Bicycle Culture

Cycle: Road Trip to the Tour of California

For anyone who is a fan of cycling or just likes to ride a bike, getting to a pro race should be a top priority. The sights, sounds, sensations and access of the pro tour allow fans to get right into action, and best of all there's no ticket price.

Unfortunately, geography is a big road block in terms of getting to a race. There are only three sanctioned races in the US that top pros are allowed to participate, but luckily for us here in the Valley two - including the Amgen Tour of California, the biggest and best tour on the continent - are within a day's drive.

The Tour of California just finished up its 8-day tour on Sunday in the Los Angeles suburb of Thousand Oaks. Cycle made a road trip to catch the action at two of the final three stages, stopping in the Danish hamlet of Solvang for the individual time trial and hitting the slopes of one of the final climbs in Balcom Canyon as well as the finish laps in Thousand Oaks.

The Tour, formerly held in February, moved to May to avoid early spring storms and cold weather at the higher elevations. This is a perfect time for us to load up the cars, throw the bikes on the rack and escape the early summer desert heat by heading to the west coast.

The route began in the north-central part of the state and pushed on south through Sacramento, San Jose, Modesto, San Luis Obispo and Paso Robles before arriving in Solvang for the favorite of stages for spectators -- the individual time trial (TT). This is the stage where each rider starts on their own, usually a minute apart, and goes around a shorter circuit lap as hard as they can. The race of truth it's called because it is simply man and machine against the clock and the elements.

This was the fourth year Solvang has hosted the TT, and it's clear that it is a favorite of both fans and racers. The course starts and finishes in the same area so it's possible to see each rider start, run a block over and see the last fifteen riders blaze through for the finish. Also in the same central town area is the Lifestyle Festival where all of the sponsors and vendors show their wares and pass out free stuff, as well as the staging areas for each team where the riders interact with fans and warm up.

The access at the time trials is amazing. One moment a fan could be rubbing shoulders with legendary cycling announcer Phil Liggett, the next they're dodging pros riding to the start house from their team bus. And T-shirts, water bottles, foam fingers and posters are flying all over as each team sponsor hopes that you will waive their brand high and loud.

The other great part of the Solvang TT is that because of when it comes in the tour and how the course runs, the tour winner is typically either determined or highly favored after this day's race. California's favorite son, Levi Leipheimer, won the previous three editions of this race en route to the overall title each year. This year, race leader Chris Horner was able to manage his overall lead even though certified nut Dave Zabriskie blazed to a new course record.

The downside to Solvang is that hotel space is limited and usually swallowed up by the teams or tour personnel, however Santa Barbara is just 40 minutes away and other towns like Thousand Oaks, Camarillo and Ventura often make more strategic bases as you move between Solvang and the next few stages that begin to venture east and south.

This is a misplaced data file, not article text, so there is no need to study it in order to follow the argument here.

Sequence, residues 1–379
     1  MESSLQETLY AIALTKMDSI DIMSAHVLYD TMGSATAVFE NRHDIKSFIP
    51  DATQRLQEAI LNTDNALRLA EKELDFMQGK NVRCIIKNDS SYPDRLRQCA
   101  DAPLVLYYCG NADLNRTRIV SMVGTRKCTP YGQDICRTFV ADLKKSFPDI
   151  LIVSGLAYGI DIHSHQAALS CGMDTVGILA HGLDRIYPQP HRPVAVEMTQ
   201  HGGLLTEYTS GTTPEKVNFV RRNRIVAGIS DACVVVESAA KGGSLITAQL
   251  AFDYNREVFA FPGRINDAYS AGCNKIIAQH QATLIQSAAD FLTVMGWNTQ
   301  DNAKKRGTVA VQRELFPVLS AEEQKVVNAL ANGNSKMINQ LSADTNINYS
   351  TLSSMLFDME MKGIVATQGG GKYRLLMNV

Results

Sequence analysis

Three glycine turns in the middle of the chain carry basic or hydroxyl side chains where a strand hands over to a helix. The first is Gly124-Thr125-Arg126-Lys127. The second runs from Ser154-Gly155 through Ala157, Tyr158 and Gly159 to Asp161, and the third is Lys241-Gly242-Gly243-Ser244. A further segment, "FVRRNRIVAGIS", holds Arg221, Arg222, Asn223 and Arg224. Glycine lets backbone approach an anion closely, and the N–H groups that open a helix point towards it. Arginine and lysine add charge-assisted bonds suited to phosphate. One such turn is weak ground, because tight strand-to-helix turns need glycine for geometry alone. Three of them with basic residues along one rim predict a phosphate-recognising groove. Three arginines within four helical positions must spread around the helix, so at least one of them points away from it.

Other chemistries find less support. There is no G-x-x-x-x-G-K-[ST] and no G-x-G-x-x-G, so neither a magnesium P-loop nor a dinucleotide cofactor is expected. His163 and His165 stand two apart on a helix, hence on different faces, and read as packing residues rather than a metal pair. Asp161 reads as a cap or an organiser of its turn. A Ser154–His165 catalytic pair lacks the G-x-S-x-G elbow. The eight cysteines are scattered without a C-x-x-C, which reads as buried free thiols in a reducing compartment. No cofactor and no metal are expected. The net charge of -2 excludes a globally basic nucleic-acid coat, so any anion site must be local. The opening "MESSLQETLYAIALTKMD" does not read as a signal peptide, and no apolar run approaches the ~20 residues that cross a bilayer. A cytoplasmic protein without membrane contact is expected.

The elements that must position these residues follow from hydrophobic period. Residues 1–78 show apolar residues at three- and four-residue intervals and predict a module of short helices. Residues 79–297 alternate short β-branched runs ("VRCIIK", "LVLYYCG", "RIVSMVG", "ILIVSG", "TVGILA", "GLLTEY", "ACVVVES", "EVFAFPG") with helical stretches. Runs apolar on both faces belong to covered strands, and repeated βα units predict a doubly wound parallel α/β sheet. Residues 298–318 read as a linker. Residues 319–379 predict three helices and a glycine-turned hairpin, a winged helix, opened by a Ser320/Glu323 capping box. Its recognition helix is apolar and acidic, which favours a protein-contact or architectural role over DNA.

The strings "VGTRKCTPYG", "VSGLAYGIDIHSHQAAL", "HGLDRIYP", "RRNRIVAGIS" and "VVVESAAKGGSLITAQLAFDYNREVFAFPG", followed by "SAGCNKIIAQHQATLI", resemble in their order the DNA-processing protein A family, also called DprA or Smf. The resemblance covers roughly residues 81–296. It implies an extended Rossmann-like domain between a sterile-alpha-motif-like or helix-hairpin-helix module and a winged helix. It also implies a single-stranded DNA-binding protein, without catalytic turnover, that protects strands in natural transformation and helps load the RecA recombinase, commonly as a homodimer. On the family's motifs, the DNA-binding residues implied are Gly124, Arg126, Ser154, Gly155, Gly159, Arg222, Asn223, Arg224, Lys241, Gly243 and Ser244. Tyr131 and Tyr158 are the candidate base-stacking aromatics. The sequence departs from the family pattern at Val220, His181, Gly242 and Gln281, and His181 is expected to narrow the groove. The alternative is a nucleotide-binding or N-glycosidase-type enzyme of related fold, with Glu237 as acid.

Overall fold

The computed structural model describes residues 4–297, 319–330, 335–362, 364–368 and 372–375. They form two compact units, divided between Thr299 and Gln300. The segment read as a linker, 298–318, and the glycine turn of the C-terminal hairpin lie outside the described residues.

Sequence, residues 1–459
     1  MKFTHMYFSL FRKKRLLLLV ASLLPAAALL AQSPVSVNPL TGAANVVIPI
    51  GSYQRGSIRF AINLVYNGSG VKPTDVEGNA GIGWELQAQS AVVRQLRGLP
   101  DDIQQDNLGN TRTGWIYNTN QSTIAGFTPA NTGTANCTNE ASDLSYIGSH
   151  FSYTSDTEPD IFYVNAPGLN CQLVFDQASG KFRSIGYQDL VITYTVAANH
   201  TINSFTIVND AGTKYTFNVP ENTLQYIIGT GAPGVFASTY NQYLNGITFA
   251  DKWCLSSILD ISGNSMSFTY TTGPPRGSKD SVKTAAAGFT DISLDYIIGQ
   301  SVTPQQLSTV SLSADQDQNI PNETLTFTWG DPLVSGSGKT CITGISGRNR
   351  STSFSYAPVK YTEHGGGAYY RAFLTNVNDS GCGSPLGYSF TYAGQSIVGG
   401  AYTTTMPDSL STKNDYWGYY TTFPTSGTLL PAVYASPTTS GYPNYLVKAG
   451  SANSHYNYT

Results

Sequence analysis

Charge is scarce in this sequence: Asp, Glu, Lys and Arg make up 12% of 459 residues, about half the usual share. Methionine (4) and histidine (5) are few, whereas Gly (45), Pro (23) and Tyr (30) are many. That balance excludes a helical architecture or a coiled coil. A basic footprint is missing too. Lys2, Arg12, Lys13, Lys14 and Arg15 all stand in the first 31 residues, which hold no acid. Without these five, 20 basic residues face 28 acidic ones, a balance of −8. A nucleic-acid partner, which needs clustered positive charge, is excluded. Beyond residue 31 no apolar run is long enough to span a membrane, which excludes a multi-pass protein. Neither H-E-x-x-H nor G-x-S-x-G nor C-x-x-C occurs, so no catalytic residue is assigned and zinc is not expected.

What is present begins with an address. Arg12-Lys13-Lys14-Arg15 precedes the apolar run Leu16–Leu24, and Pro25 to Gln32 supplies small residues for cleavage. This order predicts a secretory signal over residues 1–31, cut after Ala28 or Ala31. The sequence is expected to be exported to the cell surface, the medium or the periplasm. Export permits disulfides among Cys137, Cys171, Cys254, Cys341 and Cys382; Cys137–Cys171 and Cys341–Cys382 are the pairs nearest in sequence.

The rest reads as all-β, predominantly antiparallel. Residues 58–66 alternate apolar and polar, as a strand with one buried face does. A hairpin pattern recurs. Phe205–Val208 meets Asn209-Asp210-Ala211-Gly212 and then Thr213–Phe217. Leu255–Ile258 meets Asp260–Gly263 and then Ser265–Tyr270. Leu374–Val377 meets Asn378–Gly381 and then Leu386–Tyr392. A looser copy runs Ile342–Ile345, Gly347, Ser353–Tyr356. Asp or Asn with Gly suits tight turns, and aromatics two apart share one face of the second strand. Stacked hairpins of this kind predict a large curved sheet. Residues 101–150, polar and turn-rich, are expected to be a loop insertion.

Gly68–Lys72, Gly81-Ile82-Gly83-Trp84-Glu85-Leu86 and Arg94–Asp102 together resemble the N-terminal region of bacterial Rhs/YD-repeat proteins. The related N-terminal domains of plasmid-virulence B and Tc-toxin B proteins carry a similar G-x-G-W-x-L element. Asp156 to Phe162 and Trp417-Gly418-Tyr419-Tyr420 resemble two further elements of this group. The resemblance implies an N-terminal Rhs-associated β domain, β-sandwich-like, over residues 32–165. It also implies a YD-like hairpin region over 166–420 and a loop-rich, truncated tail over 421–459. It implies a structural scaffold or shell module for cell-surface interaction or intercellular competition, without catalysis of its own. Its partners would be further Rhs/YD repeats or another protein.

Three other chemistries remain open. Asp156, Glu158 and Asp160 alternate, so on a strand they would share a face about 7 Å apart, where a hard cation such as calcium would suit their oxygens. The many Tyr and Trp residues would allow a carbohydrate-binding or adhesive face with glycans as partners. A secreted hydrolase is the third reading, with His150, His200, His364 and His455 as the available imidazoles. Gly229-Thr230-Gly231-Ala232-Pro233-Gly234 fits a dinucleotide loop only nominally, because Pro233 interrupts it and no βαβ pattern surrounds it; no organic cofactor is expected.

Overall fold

Stage seven moved to the San Bernardino Mountains and the hardest climb in the history of the tour. Cycle opted to not make the drive to catch this stage in person and instead enjoyed a great ride through the Solvang/Los Olivos wine region, which will be featured as an "Escape the Heat" ride next month.

For the final Stage 8, Cycle headed to the super steep climb of Balcom Canyon Road. This climb is rated a "Category 5" climb (the lowest rated category), but that is simply because it is only one kilometer long.

It's because of the crazy steepness, and its location near Los Angeles, that this is a favorite spot for cycling fans to line the roads, don ludicrous outfits, bang cowbells and yell at riders to go harder and faster. It is the very essence of those scenes from the great mountains of the Tour de France. It's a loud party.

One of the best moments from this year's tour was seeing Horner clad in his race leader's golden jersey smiling as he saw three fans running alongside the peloton clad in nothing more than recycled inner tubes and used spandex.

Once the riders and support vehicles made their way over the top of the ridge, the entire group began flying down any open road they could find in hopes of getting to Thousand Oaks and the finishing circuits. We parked in Camarillo and rode to Balcom, about a 10-mile ride each way. The route ran through groves of strawberries, citrus and avocados and was a great contrast to the retail lined streets where the finish was set.

But there is no place that truly expresses the amazing speed and power that these pros ride at than a finishing straight with a group sprint.

We set up 300 meters from the finish line and caught the breakaway leaders and main group speed past at 35-45 miles per hour. The rush of wind and the whir of wheels is awesome and intimidating with riders moving for position and driving their legs with ridiculous power. The stage was won by Australian Matthew Goss, winner of this year's great Italian spring classic Milan-San Remo.

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Jason Franz
Contact: Jason Franz

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